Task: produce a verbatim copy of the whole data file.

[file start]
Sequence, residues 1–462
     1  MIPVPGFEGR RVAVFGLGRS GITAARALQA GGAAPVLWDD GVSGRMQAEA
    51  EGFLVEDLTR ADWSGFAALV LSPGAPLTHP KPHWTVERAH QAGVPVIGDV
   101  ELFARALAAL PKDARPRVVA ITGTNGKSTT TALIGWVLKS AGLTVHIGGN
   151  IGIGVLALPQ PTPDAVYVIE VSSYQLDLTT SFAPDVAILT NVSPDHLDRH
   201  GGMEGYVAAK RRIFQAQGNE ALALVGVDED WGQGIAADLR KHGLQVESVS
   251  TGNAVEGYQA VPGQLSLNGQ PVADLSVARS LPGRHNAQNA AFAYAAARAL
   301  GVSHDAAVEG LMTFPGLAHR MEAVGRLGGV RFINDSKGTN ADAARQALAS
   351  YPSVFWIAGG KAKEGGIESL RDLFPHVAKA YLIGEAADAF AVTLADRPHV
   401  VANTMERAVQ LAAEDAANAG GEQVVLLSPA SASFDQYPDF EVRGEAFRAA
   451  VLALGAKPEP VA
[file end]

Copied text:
Sequence, residues 1–462
     1  MIPVPGFEGR RVAVFGLGRS GITAARALQA GGAAPVLWDD GVSGRMQAEA
    51  EGFLVEDLTR ADWSGFAALV LSPGAPLTHP KPHWTVERAH QAGVPVIGDV
   101  ELFARALAAL PKDARPRVVA ITGTNGKSTT TALIGWVLKS AGLTVHIGGN
   151  IGIGVLALPQ PTPDAVYVIE VSSYQLDLTT SFAPDVAILT NVSPDHLDRH
   201  GGMEGYVAAK RRIFQAQGNE ALALVGVDED WGQGIAADLR KHGLQVESVS
   251  TGNAVEGYQA VPGQLSLNGQ PVADLSVARS LPGRHNAQNA AFAYAAARAL
   301  GVSHDAAVEG LMTFPGLAHR MEAVGRLGGV RFINDSKGTN ADAARQALAS
   351  YPSVFWIAGG KAKEGGIESL RDLFPHVAKA YLIGEAADAF AVTLADRPHV
   401  VANTMERAVQ LAAEDAANAG GEQVVLLSPA SASFDQYPDF EVRGEAFRAA
   451  VLALGAKPEP VA